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Re: DOMActivate vs. Click

From: Boris Zbarsky <bzbarsky@MIT.EDU>
Date: Sun, 26 Jul 2009 19:57:01 -0400
Message-ID: <4A6CED4D.7070207@mit.edu>
To: Doug Schepers <schepers@w3.org>
CC: Jonas Sicking <jonas@sicking.cc>, Anne van Kesteren <annevk@opera.com>, Jonathan Watt <jwatt@mozilla.com>, Olli Pettay <Olli.Pettay@helsinki.fi>, Jacob Rossi <t-jacobr@microsoft.com>, Maciej Stachowiak <mjs@apple.com>, Travis Leithead <travil@microsoft.com>, "www-dom@w3.org" <www-dom@w3.org>, Andrew Sledd <Andrew.Sledd@ikivo.com>, Robin Berjon <robin@berjon.com>, Lee Martineau <lee.martineau@quickoffice.com>
Doug Schepers wrote:
> I suppose this will save some small amount of code size and complexity, 
> but not enough to break even a small amount of content.  I'd be curious 
> exactly how much code size this would actually save.

The code size is less important to me than the complexity (and spec 
size, which are more or less the same thing).  The focus processing 
model is pretty complex even if all you have are onfocus and onblur, if 
you allow focus changes within those event handlers.  It gets more 
complicated the more handlers there are; you have to specify the result 
of all possible actions in all possible handlers, in all possible 
combinations.

For DOMActivate, it complicates the processing model for activations a 
good bit, especially since it can be canceled (as can click, of course; 
things get particularly fun when one is canceled an the other is not).

Removing complexity where possible is a very high priority, since it 
leads to code that is more understandable, easier to write without 
creating security holes, more maintainable, easier to reason about when 
changing other code around it, and probably faster.

We (Gecko) are definitely willing to break small (if they really are 
small) amounts of content by removing features that are over-complicated 
by design.  We've certainly done so in the past...  I think the comments 
Jonas and I made here are motivated by our perception of this particular 
feature being complicated no matter how you go about it and very rarely 
used in practice on the web.

> (For those who 
> have already implemented it, it would actually be more work to take it 
> out, so I don't think this saves effort.)

Short-run, sure.  Medium to long run, it certainly saves effort to not 
have to deal with code like this:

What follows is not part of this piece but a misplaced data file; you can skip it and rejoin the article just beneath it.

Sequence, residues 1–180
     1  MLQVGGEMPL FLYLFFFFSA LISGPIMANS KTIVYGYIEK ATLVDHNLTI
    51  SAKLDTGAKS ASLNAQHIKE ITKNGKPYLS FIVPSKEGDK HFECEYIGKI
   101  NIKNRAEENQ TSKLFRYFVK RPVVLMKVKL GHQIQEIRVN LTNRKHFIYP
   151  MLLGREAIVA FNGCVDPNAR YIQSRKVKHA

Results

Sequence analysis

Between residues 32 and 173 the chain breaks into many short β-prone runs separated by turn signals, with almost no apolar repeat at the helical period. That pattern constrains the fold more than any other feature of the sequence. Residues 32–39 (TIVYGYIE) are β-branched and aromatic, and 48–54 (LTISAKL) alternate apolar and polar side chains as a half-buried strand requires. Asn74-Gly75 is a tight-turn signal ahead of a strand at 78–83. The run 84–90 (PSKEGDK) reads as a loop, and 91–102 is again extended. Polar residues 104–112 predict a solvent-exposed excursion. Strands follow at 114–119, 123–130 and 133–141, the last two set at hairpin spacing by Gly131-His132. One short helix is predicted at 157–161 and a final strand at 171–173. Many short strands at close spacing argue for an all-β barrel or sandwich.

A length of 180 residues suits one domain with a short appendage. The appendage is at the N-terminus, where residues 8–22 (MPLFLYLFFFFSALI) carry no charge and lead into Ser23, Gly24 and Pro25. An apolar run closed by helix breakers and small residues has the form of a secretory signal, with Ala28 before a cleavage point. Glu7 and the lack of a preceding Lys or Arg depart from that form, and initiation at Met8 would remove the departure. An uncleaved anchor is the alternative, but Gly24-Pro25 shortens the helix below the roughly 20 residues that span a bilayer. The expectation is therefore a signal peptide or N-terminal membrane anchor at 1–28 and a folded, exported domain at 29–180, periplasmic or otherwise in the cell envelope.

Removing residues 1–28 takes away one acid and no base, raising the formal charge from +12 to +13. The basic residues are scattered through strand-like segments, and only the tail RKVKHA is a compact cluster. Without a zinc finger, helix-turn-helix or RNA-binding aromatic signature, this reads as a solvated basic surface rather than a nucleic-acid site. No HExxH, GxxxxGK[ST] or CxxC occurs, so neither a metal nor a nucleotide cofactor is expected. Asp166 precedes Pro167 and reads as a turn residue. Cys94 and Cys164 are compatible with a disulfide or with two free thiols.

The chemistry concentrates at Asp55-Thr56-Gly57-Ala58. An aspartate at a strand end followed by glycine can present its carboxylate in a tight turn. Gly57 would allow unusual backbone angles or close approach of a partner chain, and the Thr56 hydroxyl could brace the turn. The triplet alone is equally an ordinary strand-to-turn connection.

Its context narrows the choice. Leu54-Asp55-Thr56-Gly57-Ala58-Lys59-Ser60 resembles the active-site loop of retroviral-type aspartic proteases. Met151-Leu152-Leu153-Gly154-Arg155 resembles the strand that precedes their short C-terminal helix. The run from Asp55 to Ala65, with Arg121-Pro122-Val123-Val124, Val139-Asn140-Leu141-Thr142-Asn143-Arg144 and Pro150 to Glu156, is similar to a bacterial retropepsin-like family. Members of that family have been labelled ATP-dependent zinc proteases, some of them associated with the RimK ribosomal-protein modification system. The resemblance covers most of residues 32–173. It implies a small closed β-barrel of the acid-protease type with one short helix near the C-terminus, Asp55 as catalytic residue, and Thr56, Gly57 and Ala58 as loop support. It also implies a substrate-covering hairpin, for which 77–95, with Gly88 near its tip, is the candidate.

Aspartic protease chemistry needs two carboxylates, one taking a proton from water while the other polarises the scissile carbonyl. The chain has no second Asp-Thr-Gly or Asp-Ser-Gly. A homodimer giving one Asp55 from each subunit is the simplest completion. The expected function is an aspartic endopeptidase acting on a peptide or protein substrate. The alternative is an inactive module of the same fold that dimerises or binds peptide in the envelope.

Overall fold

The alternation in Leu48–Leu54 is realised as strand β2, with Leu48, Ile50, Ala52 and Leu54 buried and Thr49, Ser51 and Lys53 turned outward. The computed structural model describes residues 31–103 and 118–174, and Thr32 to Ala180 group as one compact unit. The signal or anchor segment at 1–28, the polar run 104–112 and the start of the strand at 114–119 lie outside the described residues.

http://mxr.mozilla.org/mozilla-central/source/content/html/content/src/nsHTMLInputElement.cpp#1690 


> This strikes me as just the opposite of what the WebApps WG has as one 
> of its core missions: specifying what already exists to interoperably 
> support a wider array of existing content.

I'm not sure we really want to specify the union of things that are in 
use on the web and things that are in use in various walled gardens.  IF 
that is indeed the WG's core mission, that's a little unfortunate.  Not 
to mention being a tall order, I suspect.

I can see pulling in things that are not in use on the web on a case by 
case basis if there's good reason to do it and if it doesn't complicate 
the web platform too much (for both authors and implementors).  I'm not 
sure where the tradeoff on that lies for DOMActivate.  I'm very sure it 
does not lie with adding more focus events.

> If there is some significant amount of content (e.g. SVGT1.2 content) 
> that uses it, even if that content is currently in a walled garden (as 
> much mobile content seems to be even today), this would prevent that 
> content from working on the wider Web even if it would otherwise.  As 
> these walled gardens break down the walls, which is happening today, 
> wouldn't it be better to be able to support that content?

That depends on the other costs involved, right.  From what I recall of 
SVGT1.2, this is not exactly the most glaring issue involved in moving 
that content over to things that are generally supported by web UAs... 
Or have things changed significantly?

-Boris
Received on Monday, 27 July 2009 00:00:08 GMT

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